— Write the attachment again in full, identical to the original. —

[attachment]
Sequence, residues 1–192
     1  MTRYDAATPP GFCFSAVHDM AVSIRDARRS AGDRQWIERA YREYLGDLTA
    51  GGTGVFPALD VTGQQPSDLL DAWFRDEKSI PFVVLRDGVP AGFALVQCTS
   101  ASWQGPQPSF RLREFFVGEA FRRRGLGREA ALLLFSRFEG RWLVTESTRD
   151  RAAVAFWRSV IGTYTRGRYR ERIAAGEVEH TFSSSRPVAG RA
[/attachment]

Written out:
Sequence, residues 1–192
     1  MTRYDAATPP GFCFSAVHDM AVSIRDARRS AGDRQWIERA YREYLGDLTA
    51  GGTGVFPALD VTGQQPSDLL DAWFRDEKSI PFVVLRDGVP AGFALVQCTS
   101  ASWQGPQPSF RLREFFVGEA FRRRGLGREA ALLLFSRFEG RWLVTESTRD
   151  RAAVAFWRSV IGTYTRGRYR ERIAAGEVEH TFSSSRPVAG RA